Scheduling departmental manpower for a project is a very difficult task, even if slack time is available. Many managers would prefer to supply manpower at a constant rate rather than continually shuffle people in and out of project.
a) Using the information shown below, construct the PERT network, identify the critical path, and determine the slack time for each mode.
ACTIVITY -- WEEKS -- PERSONNEL REQUIRED
(a-b -- 5 -- 3) ; (a-c -- 3 -- 3) ; (b-d -- 2 -- 4) ; (b-e -- 3 -- 5) ; (c-e -- 3 -- 5) ; (d-f -- 3 -- 5) ; (e-f --- 6 --- 3).
b) The network you have just created is a departmental PERT chart. Construct a weekly manpower plot assuming that all activities begin as early as possible. (Note: Overtime cannot be used to shorten the activity time.)
c) The department manager wishes to assign eight peoople full-time for the duration of the project. However, if an employee is no longer needed on the project, he can be assigned elsewhere. Using the base of eight people, identify the standby (or idle) time and the overtime periods.
d) Determine the standby and overtime costs, assuming that each employee is paid $300 per week and overtime is paid at time and a half. During standby time the employee draws his full salary.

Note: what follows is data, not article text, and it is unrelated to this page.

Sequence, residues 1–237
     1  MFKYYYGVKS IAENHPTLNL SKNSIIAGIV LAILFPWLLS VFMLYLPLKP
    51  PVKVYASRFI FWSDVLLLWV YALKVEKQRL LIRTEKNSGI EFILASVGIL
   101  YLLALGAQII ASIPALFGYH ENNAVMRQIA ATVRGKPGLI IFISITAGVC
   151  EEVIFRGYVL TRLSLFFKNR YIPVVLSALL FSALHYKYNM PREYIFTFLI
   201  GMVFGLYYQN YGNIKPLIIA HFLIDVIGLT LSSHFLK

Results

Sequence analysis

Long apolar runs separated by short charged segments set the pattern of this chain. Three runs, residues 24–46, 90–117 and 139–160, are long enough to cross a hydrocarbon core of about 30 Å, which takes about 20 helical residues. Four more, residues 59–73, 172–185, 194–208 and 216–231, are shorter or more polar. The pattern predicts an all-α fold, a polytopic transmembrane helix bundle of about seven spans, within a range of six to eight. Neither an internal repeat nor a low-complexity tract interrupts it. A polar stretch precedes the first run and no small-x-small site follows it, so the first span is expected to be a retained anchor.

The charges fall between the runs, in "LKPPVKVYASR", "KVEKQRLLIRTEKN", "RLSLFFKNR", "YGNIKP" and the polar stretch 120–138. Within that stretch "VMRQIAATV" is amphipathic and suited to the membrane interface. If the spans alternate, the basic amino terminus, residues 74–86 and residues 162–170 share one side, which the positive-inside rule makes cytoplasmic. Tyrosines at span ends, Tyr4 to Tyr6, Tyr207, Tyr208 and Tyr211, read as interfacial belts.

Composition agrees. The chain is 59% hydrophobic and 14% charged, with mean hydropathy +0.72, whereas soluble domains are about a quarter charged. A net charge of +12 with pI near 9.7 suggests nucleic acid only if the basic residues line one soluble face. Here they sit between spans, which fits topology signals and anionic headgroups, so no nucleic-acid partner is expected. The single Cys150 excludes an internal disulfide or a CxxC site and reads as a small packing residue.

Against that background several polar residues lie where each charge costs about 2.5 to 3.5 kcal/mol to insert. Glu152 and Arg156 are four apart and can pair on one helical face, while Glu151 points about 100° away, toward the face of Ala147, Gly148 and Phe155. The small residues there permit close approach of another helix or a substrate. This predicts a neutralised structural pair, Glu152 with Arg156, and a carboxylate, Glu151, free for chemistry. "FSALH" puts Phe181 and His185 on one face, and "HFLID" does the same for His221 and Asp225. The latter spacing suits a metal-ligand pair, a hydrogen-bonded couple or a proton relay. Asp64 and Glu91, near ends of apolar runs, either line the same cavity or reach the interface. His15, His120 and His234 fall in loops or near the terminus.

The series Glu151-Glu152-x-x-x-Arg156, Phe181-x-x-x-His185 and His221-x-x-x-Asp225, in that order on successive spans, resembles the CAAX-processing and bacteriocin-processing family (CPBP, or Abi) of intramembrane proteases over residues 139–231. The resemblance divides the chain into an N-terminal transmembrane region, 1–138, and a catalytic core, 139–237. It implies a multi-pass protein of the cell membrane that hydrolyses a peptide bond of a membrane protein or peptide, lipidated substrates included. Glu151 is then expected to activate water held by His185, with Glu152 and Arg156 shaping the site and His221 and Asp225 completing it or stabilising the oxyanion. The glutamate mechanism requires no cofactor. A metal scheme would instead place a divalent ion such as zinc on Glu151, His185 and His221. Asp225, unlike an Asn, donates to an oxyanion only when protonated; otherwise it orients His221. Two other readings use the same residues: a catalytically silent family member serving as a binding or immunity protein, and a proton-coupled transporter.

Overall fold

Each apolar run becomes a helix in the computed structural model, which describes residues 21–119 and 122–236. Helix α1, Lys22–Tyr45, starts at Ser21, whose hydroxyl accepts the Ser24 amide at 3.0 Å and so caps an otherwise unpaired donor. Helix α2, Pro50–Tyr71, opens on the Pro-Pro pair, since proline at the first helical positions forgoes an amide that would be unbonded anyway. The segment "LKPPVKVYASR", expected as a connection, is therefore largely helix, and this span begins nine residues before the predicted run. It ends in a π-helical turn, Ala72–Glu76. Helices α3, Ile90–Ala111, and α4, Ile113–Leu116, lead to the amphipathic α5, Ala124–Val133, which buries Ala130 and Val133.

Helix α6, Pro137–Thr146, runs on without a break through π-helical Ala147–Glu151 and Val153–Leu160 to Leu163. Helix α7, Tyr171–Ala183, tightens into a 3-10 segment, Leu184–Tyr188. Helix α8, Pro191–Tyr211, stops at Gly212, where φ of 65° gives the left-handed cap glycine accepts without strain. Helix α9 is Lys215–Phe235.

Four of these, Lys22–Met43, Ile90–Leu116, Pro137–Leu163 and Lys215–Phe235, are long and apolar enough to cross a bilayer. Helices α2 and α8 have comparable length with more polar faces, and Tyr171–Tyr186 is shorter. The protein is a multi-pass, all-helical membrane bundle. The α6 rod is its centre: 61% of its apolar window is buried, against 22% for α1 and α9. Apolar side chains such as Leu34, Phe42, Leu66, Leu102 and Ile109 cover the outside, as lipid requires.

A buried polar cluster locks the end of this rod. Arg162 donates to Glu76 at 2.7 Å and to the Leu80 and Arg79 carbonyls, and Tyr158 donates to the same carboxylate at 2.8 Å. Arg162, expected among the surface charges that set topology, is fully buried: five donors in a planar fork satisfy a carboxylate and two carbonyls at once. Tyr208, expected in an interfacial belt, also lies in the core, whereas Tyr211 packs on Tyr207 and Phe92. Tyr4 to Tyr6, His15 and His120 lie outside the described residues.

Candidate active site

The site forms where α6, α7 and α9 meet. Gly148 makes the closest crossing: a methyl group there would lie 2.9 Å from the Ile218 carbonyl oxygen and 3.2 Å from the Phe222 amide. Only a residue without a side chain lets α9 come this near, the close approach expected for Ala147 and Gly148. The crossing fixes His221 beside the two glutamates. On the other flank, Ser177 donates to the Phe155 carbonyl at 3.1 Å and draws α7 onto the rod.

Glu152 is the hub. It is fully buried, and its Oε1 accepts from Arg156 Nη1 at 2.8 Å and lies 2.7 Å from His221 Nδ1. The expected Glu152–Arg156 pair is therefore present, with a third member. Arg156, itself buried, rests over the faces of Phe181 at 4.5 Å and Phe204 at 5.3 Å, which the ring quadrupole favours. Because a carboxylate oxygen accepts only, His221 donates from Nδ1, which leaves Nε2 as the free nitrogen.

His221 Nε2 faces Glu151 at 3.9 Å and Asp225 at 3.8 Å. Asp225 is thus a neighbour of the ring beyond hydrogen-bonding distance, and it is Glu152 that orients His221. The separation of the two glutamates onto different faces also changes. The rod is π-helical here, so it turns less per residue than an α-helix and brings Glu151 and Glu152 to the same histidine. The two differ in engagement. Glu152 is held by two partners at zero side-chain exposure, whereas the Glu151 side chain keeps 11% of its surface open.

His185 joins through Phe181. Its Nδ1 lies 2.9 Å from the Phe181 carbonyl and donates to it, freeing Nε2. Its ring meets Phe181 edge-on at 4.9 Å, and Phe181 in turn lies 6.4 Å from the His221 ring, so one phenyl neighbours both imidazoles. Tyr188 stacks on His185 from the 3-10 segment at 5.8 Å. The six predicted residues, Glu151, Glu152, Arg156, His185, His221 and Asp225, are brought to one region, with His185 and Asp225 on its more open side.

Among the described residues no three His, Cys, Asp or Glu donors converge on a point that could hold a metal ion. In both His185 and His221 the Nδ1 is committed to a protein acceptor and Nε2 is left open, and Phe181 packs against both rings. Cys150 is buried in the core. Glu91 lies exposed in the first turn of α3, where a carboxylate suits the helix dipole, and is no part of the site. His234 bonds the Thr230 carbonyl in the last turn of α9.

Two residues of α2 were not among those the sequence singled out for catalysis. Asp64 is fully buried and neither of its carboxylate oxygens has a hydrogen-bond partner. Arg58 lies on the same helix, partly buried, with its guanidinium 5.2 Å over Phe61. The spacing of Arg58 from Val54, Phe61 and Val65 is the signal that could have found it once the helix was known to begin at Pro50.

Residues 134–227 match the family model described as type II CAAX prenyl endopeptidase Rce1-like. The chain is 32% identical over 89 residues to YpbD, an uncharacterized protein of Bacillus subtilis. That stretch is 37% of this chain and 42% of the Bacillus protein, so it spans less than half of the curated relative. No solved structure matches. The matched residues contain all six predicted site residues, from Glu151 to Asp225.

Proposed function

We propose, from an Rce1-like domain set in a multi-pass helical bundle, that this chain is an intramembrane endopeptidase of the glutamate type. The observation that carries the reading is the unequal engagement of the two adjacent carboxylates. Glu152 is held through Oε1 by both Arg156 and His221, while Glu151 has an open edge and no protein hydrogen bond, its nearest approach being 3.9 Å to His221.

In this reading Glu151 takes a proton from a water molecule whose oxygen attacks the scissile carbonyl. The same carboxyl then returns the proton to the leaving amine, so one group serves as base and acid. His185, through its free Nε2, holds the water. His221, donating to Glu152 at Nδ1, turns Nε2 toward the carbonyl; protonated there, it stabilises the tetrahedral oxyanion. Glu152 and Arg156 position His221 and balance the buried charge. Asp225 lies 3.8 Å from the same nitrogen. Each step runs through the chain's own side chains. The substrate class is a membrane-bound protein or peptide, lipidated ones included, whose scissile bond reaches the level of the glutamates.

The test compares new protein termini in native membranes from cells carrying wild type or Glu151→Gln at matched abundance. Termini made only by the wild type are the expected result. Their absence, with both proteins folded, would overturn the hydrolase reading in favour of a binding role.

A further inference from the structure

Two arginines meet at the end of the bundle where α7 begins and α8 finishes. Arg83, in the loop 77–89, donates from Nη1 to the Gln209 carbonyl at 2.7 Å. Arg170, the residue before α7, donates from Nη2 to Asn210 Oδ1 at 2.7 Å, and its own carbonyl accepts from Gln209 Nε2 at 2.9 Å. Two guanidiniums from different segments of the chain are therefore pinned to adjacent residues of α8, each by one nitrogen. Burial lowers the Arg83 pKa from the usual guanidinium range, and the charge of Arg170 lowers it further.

e) Repeat parts c and d and try to consider slack time in order to smooth out the manpower curve. (Hint: Some activities should begin as early as possible, while others begin as late as possible.) Identify the optimum manpower level so as to minimize the standby and overtime costs. Assume all employees must work full-time?
f) Would the answer to parts d and e change if the employees must remain for the full duration of the project, even if they are not longer required?
HELP: I DON'T HAVE THE SOFTWARE TO DO THE PERT CHARTS OR CRITICAL PATH.
I WILL INCREASE NUMBER OF CREDITS FROM 25 TO 40 AND EVEN NEGOITATE CREDITS.